In a telling graph, Mr. Weekly was pleased to note that Reliability Investments were working.  In the past eight years since buying the plants, Dominion has nearly duplicated the ten  year performance of three plants by Northeast Utilities with just two plants. (15,958,349 Mw from 1986-1995 compared to 15,927,082 Mw from 2000-2008.

In late November 2008, the Unit 3 Reactor Power Uprate was completed.  It took three years to get a 7% increase in power for Unit 3 resulting in an additional 74 Mw on the grid.  This is on top of an earlier turbine upgrade that added about 20 Mw to the outpput of Unit 3.  This is enough power for around 60.000 homes.

The status of the NonPolluting Discharge Elimination System (NPDES) Permit was discussed.  Millstone has been seeking to renew the permit since 1997.  After more than 70 submittals to the Connecticut Department of Environmental Protection (DEP) totaling about 7000 pages, a draft permit was issued in December 2007.  The permit has been delayed due to court actions.  A settlement was reached with two of three intervenors in the hearing process.  As a result of that agreement Millstone is moving forward with the permit requirements – ahead of the permit issuance:  Installing variable frequency drives for intake flow that will adjust flow as required for the power level of the plant; Conducting a cooling water alternative study to determine the appropriateness of closed cycle technology refits; A study of fine mesh screen for intakes to attempt to stop even smaller fish larvae but still maintain proper water flow for the reactor; Continuing biological studies of the fish and plants in the vicinity of the plant.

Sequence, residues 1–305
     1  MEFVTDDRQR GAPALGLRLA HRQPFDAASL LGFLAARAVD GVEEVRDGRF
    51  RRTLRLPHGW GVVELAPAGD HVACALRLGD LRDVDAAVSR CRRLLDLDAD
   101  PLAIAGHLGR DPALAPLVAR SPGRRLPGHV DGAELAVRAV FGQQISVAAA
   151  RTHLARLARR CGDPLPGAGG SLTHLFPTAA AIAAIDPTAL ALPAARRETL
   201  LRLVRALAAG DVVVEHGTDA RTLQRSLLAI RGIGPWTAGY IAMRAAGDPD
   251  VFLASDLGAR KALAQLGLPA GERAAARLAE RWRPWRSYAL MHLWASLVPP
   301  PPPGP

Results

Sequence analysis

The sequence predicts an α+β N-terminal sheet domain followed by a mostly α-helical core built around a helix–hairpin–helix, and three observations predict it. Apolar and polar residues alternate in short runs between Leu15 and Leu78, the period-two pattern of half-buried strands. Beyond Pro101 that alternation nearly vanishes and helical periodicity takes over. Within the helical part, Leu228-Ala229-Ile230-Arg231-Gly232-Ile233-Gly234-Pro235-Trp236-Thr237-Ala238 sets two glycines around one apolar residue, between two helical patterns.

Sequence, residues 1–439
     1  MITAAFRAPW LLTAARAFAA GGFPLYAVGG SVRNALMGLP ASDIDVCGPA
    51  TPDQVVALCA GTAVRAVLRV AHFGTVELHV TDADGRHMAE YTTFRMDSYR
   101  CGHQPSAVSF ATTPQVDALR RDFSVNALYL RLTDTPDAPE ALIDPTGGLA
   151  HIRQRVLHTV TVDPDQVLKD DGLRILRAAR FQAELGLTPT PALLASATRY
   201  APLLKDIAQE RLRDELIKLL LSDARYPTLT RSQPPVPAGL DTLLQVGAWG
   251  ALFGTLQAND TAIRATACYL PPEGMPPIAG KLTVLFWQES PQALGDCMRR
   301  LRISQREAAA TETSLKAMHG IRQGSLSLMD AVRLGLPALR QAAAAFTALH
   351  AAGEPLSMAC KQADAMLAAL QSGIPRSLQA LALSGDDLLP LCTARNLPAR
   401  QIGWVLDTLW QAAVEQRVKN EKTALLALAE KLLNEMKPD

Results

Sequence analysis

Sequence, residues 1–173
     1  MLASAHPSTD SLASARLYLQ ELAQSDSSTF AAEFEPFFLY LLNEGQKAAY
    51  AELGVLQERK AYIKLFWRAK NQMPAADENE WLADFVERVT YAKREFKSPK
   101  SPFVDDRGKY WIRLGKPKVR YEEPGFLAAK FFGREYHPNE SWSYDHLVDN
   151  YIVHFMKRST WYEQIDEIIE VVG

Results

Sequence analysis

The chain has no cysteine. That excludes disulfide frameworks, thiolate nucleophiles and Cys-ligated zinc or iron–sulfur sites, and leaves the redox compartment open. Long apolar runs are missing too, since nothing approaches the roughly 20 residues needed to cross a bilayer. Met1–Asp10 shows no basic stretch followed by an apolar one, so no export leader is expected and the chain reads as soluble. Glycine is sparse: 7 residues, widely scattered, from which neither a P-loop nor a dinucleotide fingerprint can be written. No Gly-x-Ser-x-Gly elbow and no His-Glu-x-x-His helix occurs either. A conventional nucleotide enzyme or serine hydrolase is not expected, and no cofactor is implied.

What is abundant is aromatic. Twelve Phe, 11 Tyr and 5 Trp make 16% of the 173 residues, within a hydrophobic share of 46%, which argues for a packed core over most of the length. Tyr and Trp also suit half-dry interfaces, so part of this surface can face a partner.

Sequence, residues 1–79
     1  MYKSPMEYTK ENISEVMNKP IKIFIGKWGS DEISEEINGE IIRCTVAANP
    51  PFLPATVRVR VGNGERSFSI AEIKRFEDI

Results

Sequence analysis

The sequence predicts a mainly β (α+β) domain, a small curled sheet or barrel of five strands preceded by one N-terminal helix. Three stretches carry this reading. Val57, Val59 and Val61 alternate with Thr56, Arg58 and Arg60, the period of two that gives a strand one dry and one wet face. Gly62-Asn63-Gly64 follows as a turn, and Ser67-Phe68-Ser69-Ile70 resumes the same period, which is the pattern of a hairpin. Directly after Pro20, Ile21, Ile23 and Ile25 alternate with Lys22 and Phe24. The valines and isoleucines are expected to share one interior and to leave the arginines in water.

The US Supreme Court held a hearing on December 1, 2008 regarding the Riverkeeper case that may impact the decision to refit to closed cycle cooling.  The ruling is expected in Spring of 2009.  A Public Comment hearing was held by the CT DEP on DEC 4, 2008 and the Hearings will be held in January 2009 wiht a final ruling in late summer or early fall 2009. 

Weekly was quick to point out that refitting the current plants with closed cycle technology would cost in the billions of dollars and would require significent down time of the plants for the modification.  Eight to ten percent of the reactor power output would be lost to support the closed cycle cooling.  Dominion has submitted a time line to the DEP and is awaiting their Comments/Approval.

Some Millstone Power Station Improvement planned for 2009 and 2010 are:  Complete construction on the variable frequency cooling water pump drives; Installation of new transformers on Unit 3 in 2010;  Replacement of the Plant Processor Computer at Unit 3 in 2010; and upgrade the Fuel Transfer Component of Unit 2 in 2009.

The new Site Vice President, Skip Jordan, then gave the group a briefing on his management philosophy.  The course and direction for the site is unchanged.  Safe operation of the units is the number one priority.  Nuclear Safety and Personnel Safety are the most important priorities.  He supports a robust Corrective Action Program.  The site has a talented and dedicated work force.  The site has gotten national recognition for its operator training program.  Dominion supports training local residents at Three Rivers Community College to be operators at the plant or any other nuclear facility.  The Site will continue to be a good corporate neighbor.  Next year will have new challenges.  There is an aging work force and younger workers are needed to replace the retiring operators.  The site needs to improve the conduct of the plant outages and make efforts to lower radiation exposure of workers by better planning and execution.  He is very proud of the Millstone team.